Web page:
Digital rights (was: kindle)

Eric Oyen eric.oyen at
Tue Sep 15 16:59:07 UTC 2015

well, guys. Amazon has already lost in court once when it comes to requiring that the kindle be used as a classroom platform. SInce they didn't (at the time) include accessibility for the blind user, a suit was brought. THis happened right down the street from me at ASU. Even with the court ruling, amazon has been very reticent to make their products accessible to the blind user.

Take, for instance, the read aloud function. It is supposed to work but because of some terms in the DMCA, it is disabled on most of the e-books. THis was largely due to an action taken by the American Authors guild (which, incidentally, is largely paid for by the publishing industry). Amazon went with this instead of abiding by the terms of the ADA (which does allow for exceptions to the DNCA and copyright laws. WHat they are doing is basically bowing to the larger funding concern. This means that we, as blind people, are getting the short end of the stick again. Now, Amazon isn't entirely to blame for this, but they do have the deepest pockets. ANyway, since Amazon refuses to work with us (the paying customer), it is on us to demand that they do (and make it stick).


On Sep 15, 2015, at 8:34 AM, John G Heim wrote:

> For pete's sake, Sam, would you please stop saying I (or anyone) said that Amazon has an ethical obligation to write a command line app for linux. This is the second time I've pointed out that I haven't said that and I don't think anyone else has either.
> What I've said is that it is not unethical to hack DRM on a kindle book so you *can* read it on your linux command line platform. It's not ethical for Amazon to keep me from doing that.
> It is absolutely NOT reasonable for Amazon to say you have to buy their computer to read their books. Holy cow, have you ever heard of a public library?  Do you think a publisher should be able to say a public library cannot carry their books?
> I think it's very easy for you to say these things but if the world you envision actually existed, you wouldn't like it very much. People with this libertarian attitude don't understand the huge amount of hard work that has been done on their behalf by some very dedicated people over many years. If everybody thought the way you did, there'd be no speakup, brltty, or orca. Android and IOS wouldn't have screen readers. Bookshare wouldn't exist. Public libraries wouldn't exist.
> On 09/15/2015 10:02 AM, Sam Hartman wrote:
>>>>>>> "John" == John G Heim <jheim at> writes:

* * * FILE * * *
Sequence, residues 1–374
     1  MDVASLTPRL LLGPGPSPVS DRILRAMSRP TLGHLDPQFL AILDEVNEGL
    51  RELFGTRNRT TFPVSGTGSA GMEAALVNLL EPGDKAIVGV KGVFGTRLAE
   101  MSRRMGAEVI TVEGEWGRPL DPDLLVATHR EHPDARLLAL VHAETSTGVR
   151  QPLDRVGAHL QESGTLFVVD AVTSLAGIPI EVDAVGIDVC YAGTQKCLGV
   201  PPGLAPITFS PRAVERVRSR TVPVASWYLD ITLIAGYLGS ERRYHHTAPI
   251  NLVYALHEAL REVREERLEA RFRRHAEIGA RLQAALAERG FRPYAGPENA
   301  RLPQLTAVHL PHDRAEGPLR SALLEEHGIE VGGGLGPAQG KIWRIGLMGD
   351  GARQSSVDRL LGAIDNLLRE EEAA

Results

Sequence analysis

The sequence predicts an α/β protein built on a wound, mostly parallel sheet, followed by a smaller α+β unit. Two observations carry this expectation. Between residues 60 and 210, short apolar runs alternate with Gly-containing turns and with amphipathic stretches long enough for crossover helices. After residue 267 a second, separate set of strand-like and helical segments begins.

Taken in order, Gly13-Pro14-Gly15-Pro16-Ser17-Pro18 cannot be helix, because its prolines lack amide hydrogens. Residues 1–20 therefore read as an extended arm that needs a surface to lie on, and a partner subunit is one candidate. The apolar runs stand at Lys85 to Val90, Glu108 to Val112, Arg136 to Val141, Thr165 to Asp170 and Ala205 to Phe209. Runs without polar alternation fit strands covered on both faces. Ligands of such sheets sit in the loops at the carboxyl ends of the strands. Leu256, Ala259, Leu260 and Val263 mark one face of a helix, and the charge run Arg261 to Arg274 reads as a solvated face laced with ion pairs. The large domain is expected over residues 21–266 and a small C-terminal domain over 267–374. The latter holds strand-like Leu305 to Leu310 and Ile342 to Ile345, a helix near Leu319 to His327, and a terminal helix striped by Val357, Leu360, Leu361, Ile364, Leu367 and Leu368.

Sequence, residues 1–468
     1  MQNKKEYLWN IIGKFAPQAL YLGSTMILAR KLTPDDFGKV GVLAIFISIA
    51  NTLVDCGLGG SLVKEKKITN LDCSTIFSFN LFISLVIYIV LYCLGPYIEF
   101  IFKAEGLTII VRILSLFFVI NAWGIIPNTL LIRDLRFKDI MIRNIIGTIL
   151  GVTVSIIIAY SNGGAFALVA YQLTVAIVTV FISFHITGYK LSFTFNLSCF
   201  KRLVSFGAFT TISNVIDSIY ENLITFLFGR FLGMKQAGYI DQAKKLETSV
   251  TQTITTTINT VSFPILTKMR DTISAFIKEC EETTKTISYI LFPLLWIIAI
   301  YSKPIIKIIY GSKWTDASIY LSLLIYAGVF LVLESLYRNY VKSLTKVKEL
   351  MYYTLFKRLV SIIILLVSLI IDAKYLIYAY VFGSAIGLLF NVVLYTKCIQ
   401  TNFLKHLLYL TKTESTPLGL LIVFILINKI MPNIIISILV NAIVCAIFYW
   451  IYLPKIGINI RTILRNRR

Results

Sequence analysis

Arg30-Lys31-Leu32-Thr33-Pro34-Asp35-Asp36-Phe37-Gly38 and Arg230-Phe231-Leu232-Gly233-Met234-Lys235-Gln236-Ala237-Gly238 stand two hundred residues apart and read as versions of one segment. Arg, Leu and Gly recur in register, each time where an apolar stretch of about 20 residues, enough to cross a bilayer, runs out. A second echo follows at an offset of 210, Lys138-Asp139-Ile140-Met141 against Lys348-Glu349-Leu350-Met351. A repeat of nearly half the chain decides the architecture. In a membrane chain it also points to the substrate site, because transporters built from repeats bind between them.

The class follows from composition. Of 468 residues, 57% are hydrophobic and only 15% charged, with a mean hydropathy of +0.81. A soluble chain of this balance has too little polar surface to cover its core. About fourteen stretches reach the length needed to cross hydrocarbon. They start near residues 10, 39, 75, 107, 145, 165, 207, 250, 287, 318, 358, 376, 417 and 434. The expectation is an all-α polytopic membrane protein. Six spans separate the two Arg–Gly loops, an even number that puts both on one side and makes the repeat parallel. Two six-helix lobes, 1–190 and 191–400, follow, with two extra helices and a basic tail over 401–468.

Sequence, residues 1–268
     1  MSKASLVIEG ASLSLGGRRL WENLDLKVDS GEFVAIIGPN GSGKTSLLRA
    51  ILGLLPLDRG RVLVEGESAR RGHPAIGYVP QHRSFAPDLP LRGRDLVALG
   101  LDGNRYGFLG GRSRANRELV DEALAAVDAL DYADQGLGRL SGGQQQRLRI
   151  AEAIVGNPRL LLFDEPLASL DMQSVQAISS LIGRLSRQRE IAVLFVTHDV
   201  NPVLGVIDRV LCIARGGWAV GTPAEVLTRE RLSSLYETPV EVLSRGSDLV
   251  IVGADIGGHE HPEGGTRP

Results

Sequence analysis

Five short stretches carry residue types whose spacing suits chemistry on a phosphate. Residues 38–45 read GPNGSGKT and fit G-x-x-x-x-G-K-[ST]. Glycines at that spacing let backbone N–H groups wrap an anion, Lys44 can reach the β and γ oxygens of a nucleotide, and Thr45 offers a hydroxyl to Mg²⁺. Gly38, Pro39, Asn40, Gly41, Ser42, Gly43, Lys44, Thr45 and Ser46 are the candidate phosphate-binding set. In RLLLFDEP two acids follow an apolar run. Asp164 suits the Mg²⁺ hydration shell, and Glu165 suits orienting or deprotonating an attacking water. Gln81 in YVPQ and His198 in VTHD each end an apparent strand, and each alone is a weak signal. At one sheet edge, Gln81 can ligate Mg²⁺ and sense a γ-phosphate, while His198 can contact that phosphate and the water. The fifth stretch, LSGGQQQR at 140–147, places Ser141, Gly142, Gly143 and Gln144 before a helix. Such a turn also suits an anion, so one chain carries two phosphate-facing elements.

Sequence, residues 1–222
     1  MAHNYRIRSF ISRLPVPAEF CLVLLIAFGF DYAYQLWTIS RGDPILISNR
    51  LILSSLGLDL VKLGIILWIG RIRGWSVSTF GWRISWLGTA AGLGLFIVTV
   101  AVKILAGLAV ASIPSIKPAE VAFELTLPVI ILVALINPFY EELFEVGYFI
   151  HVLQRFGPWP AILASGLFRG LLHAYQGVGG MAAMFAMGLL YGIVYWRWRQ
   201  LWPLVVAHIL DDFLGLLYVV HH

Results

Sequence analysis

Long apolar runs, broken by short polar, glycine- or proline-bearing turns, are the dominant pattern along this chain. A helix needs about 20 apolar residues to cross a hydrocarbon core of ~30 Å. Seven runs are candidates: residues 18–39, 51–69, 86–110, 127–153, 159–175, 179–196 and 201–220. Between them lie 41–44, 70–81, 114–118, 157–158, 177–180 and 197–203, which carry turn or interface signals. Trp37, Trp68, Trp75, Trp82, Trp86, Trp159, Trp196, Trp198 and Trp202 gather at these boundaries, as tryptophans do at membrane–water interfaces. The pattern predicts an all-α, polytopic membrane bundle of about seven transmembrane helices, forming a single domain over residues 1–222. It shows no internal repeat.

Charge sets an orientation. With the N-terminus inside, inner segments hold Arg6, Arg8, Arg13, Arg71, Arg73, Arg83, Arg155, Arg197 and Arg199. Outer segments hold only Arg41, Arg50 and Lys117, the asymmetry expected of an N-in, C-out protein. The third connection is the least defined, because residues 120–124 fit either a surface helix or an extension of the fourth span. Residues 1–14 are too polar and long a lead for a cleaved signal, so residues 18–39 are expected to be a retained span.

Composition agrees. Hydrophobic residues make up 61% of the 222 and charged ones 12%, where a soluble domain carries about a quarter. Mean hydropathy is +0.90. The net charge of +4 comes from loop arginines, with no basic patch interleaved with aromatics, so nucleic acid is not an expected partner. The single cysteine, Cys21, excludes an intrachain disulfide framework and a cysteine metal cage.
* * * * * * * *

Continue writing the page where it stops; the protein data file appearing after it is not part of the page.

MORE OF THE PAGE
>>     John> No one on a linux users list should criticize someone else for
>>     John> their choice of platform.
>> I don't criticize the choice of platform.
>> Beyond a certain point--and I definitely think command line linux is
>> well past that point--I don't think it's Amazon's problem to make it
>> accessible.
>> I think it's entirely reasonable for you to try and convince them they
>> should.
>> If I were in there position, I would be very hard to convince.
>> However,  I reject the idea that there is some ethical judgment against
>> Amazon because they choose not to support command-line Linux.
>> I'll note that they almost certainly don't support command-line Linux
>> for sighted users either.
>>     John> Otherwise, Amazon could say if you
>>     John> want access to our books, you have to buy our computers and
>>     John> use our software.
>> I think it's entirely reasonable for Amazon to say this.
>> I'd choose not to do business with them if they did.
>>     John> And if it doesn't work for you, too
>>     John> bad.
>> I wouldn't go that far.  Amazon for a variety of reasons has obligations
>> related to accessibility.  However, I think those obligations are only
>> related to the platforms they support.  I was very frustrated at
>> Amazon's Android accessibility, and cases where they used captchas with
>> no audio option on their websites (and had a nice chat with a VP at
>> Amazon about that issue).
>> However, in these cases, they have chosen to support Android and the
>> browser respectively.
>> They have not, and I don't think it is reasonable that they should be
>> obligated to, support command-line Linux.
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